philo-, phil-, -phile, -philia, -philic, -philous, -phily, -philiac, -philist, -philism
These are just a few of the meanings set up for the etymological meanings of philo- which comes to us from Greek.
In biology, there are many words that use philo-, phil- to mean "thriving in such and such a place or situation; or exhibiting a tendency for a specified condition" for its existence.
Other meanings include: "strongly attracted to; such as, an organism that loves or is strongly attracted to something which is specified".
In psychology and psychiatry, -phile, -philia, etc. use this element as a word termination indicating an abnormal craving or attraction to or an affinity for an object as shown by the word stems to which they are affixed.
rheophily (s) (noun) (no pl)
The situation of an animal dwelling in moving water: It was interesting for Mary to know that rheophily was part of an article that had lots of examples of animals that existed in or near flowing water, including the river otter and and fish, like the shiners and catfish.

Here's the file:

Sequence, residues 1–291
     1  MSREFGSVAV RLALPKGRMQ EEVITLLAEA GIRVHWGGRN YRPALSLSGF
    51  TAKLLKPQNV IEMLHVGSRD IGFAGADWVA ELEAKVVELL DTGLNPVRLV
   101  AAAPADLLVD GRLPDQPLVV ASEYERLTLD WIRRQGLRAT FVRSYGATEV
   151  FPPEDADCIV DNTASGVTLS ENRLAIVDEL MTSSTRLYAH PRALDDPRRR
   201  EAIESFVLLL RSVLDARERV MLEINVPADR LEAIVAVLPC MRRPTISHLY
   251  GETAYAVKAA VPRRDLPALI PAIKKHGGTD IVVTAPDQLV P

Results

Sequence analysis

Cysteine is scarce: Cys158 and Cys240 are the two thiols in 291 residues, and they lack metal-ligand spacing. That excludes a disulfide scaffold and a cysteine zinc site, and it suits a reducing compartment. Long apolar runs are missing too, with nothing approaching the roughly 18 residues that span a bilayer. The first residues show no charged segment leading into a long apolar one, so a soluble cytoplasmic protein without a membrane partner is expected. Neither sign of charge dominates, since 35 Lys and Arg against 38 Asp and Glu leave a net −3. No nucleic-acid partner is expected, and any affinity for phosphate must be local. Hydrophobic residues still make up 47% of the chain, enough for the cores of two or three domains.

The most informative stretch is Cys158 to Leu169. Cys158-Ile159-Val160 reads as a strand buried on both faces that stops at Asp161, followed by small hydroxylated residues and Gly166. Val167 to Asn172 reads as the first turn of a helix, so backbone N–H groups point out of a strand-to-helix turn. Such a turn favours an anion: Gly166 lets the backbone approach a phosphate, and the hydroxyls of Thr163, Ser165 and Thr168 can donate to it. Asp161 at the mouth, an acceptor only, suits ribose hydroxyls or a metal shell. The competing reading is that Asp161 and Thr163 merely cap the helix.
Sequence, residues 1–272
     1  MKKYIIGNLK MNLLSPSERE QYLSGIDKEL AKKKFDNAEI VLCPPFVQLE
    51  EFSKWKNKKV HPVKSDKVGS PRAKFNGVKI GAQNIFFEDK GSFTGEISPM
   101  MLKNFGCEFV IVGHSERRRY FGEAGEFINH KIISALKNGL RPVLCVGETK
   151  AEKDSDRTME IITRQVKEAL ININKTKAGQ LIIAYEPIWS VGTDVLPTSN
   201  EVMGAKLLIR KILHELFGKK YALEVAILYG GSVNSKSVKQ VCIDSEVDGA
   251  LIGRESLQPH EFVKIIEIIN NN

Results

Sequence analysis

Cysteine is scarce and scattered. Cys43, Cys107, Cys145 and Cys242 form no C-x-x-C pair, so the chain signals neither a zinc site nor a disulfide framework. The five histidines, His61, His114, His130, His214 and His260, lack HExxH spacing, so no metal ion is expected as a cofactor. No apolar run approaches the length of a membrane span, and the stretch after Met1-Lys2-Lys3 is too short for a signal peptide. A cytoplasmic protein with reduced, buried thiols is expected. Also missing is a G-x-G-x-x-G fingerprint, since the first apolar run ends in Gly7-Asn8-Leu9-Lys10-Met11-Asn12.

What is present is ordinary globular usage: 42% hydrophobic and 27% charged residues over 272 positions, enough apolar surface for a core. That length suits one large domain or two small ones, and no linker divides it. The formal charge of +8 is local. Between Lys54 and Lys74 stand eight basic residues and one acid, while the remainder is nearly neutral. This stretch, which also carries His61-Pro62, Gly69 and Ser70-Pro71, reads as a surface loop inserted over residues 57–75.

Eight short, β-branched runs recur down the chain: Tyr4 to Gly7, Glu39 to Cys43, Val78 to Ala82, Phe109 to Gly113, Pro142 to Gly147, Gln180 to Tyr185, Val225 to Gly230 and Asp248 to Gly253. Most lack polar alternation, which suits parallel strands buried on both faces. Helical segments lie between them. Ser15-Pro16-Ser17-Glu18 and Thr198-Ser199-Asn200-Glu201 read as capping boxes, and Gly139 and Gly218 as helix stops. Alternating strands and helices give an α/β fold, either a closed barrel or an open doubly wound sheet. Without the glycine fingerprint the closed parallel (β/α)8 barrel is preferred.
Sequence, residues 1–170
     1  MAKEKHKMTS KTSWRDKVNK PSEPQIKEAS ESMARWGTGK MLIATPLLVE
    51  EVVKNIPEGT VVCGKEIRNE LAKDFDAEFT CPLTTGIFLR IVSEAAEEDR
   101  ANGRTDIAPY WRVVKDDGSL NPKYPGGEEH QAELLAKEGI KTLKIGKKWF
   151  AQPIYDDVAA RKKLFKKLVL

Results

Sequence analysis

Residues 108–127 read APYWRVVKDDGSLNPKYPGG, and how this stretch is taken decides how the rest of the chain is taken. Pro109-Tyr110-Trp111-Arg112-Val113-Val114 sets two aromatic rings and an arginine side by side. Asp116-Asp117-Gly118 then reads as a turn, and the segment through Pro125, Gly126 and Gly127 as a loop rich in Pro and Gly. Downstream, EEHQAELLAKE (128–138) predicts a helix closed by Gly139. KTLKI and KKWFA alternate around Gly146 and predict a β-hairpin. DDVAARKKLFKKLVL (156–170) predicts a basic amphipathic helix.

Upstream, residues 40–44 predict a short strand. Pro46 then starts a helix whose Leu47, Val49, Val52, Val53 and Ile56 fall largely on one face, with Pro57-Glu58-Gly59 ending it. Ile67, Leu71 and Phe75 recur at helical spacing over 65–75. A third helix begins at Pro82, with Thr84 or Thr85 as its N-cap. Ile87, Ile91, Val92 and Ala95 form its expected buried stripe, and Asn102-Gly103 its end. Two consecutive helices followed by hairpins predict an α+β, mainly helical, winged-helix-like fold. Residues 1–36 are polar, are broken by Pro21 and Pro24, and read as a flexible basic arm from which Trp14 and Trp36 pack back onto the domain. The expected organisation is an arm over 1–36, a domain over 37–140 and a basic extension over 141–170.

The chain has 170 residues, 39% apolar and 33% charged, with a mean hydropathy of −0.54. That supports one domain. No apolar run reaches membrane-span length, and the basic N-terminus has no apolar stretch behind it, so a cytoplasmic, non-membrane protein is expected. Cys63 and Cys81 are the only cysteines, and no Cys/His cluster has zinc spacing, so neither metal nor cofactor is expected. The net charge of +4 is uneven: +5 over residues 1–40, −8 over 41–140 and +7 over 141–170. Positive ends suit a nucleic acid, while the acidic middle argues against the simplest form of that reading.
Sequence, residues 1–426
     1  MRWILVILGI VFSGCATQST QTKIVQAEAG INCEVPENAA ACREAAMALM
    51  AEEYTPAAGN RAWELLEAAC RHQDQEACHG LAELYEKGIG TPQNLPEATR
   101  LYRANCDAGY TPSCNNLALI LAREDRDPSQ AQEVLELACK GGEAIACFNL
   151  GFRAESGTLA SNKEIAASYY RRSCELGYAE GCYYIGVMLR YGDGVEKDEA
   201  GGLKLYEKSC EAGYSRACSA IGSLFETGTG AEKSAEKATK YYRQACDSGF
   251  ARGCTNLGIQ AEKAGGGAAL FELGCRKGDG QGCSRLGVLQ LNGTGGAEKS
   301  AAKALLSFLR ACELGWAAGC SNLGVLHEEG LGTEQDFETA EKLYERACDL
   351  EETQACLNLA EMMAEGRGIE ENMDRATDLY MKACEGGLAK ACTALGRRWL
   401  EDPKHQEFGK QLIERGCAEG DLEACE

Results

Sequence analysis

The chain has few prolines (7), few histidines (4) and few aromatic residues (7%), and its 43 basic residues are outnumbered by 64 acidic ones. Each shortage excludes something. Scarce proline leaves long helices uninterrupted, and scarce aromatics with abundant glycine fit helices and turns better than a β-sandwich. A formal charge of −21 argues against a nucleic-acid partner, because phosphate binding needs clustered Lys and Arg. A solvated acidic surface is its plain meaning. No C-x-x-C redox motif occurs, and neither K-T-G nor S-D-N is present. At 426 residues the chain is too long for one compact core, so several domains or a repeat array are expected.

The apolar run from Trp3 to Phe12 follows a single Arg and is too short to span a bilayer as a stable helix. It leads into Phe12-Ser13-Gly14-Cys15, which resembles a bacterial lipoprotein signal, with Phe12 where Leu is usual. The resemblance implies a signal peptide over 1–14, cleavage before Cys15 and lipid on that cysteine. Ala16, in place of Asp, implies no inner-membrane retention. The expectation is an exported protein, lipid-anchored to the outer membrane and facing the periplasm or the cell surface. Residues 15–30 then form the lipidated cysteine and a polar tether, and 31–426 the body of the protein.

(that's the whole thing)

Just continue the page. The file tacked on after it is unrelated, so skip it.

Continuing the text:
rhizophile (s) (noun)
, rhizophiles (pl)
An organism that grows on roots: The rhizobium is a rhizophile that nurish itself on the nodules of roots and provide nitrogen for the plants.
, more rhizophilous, most rhizophilous
In biology, oertaining to an organism that thrives on roots: Rhizophilous bacteria form a symbiosis with legumes by taking in nitrogen from the atmosphere and passing it on to the plant. This way the plant can grow in soil that is low in nitrogen.
rhizophily (s) (noun) (no pl)
The instance of a form of life growing on roots: When learning about rhizophily, Jenny found out that microorganisms were quite beneficial for the roots of plants in that they fixed nitrogen and promoted plants to grow.
You may take a self-scoring quiz over some of the words in this section by just clicking this Philo Quiz #1
Related "love, fondness" units: